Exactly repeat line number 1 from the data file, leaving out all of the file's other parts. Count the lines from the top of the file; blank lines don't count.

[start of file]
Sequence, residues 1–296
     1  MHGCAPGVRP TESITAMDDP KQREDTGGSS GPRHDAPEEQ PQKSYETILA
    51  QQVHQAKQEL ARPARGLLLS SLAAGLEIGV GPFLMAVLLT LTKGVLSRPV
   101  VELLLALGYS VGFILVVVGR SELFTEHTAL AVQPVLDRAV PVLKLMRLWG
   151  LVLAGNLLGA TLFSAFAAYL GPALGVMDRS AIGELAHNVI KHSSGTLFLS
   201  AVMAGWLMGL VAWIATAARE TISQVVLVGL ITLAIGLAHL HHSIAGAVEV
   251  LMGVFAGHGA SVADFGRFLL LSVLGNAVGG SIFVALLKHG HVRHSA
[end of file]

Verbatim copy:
Sequence, residues 1–296